Thank you for reviewing my code. I’m experimenting so far and thinking of a different solution even set of possible solutions. I expedited functions by replacing possible multiplication and division by shifts and program now runs twice faster. If not using lookups there is one unavoidable division in direct transform and one unavoidable multiplication in reverse transform. I added short explanation of ABS to my site and now sample can be found through the link, so people can look to home page ezcodesample.com and follow the link.

34. Andrew Polar Says:

OK, with binary encoder thigs are more or less clear. It there a way to use ABS with larger alphabets directly without converting everything to dual alphabet?
Thanks.

35. Jarek Says:

Yes! … :)
We only need that x_i is about x*p_i
This time, I think that there is no fast to calculate formula, but we can generate the lookup tables - encode x into symbol ‘i’ when something with probability p_i happen - there is huge amount of possibilities - we can use for it random generator.
If we use the key to initialize generator - we by the way encrypt the data.
This time we need better precision - we can use only a few probability distributions - for example: general and of successor of a few most probable elements.
Ok - I’ll place it the third time… :)
http://forums.devshed.com/security-and-cryptography-17/cryptosystem-based-on-asymmetric-numeral-systems-497071.html
regards
j

36. Jarek Says:

I thought about error correction, because one bit-flip makes that we lose everything after it.
To do it, we have to add some redundancy - according to expected density of errors.
For example we can set one bit in every byte to 0 in the data to encode (after prediction).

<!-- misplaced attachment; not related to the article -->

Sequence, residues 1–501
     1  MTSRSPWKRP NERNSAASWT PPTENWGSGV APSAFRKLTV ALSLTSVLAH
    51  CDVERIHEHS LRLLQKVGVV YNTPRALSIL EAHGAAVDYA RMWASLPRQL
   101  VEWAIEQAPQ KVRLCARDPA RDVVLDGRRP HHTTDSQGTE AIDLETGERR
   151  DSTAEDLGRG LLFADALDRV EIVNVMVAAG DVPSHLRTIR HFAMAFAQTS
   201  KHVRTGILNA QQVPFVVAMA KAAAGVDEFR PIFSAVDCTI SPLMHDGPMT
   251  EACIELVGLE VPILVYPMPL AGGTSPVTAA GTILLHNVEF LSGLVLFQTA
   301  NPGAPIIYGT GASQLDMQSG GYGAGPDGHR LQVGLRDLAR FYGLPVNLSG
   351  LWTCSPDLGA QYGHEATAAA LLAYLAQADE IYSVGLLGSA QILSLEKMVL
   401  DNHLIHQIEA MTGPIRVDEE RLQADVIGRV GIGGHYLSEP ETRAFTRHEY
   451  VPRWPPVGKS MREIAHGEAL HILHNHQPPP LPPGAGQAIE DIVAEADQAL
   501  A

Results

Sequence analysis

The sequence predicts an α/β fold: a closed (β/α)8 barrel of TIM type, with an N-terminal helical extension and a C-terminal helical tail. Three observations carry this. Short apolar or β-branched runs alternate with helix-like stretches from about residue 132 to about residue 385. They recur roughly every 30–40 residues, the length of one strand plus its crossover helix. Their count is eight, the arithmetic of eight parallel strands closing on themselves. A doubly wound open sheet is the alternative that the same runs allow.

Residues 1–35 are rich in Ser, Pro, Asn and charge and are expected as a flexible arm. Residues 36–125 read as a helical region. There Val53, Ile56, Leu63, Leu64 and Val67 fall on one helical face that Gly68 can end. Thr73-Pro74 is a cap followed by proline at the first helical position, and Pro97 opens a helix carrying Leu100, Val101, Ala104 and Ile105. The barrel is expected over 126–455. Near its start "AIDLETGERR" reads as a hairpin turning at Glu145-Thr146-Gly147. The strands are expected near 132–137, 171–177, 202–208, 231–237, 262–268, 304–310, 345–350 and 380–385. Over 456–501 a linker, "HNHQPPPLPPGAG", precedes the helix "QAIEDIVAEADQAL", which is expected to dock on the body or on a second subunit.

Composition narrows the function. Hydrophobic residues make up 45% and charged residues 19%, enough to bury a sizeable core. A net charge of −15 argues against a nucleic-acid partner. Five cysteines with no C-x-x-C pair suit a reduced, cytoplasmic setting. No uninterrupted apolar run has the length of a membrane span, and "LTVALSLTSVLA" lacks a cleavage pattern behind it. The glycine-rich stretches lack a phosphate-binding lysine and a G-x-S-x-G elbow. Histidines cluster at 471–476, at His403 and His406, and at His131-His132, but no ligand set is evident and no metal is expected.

Now if while decoding we get there 1, we know that there was an error in a bit in at most a few bytes before (with probability 1/2 in the last, 1/4 previous… )
We should flip bit by bit and try to decode - if the density of errors isn’t too large, we should be able to localize and correct the error with large probability.

Eventually if we lose larger fragment, we have to guess proper initial state - if we’ve put some redundancy, it’s rather doable state by state in not too large time.

37. Matt Mahoney Says:

I think it is best if data compression, encryption, and error correction are separate functions, independent of one another. First compress, then encrypt, then add error correction.

38. Andrew Polar Says:

Encryption in US is subject to export control. That means it even can not be taught or explained without license (www.access.gpo.gov/bis/ear/ear_data.html) to a foreign national leaving in US. Those techniques that are patented, such as RSA, are excused and can be discussed freely, but only the algorithms, software are still subject to licensing. I consider these regulations totally stupid unjustified and violating my constitutional right, but I follow and do not publish certain materials on my site, such as my solution for SSL Web server. I post this message for those who don’t know.
Encryption in combination with AE or ABS is not a problem, everybody understands that changing one bit will affect all following message. There is infinity of opportunities for this, why you pay such attention to this? I don’t see it as serious technical problem.

39. Jarek Says:

Luckly I’m not from US :)
The general concept, for example with some fixed probability distribution, is just coding algorithm.
Encryption is just a natural modification.
In AE new symbol is put into most significant position of state and encoding is made from the same side too - there would be correlations between symbol and the output.
In ABS symbol is also put into the most significant position, but output takes the least significant - its behavior looks completely random - instead of in AE it practically doesn’t depend on the symbol.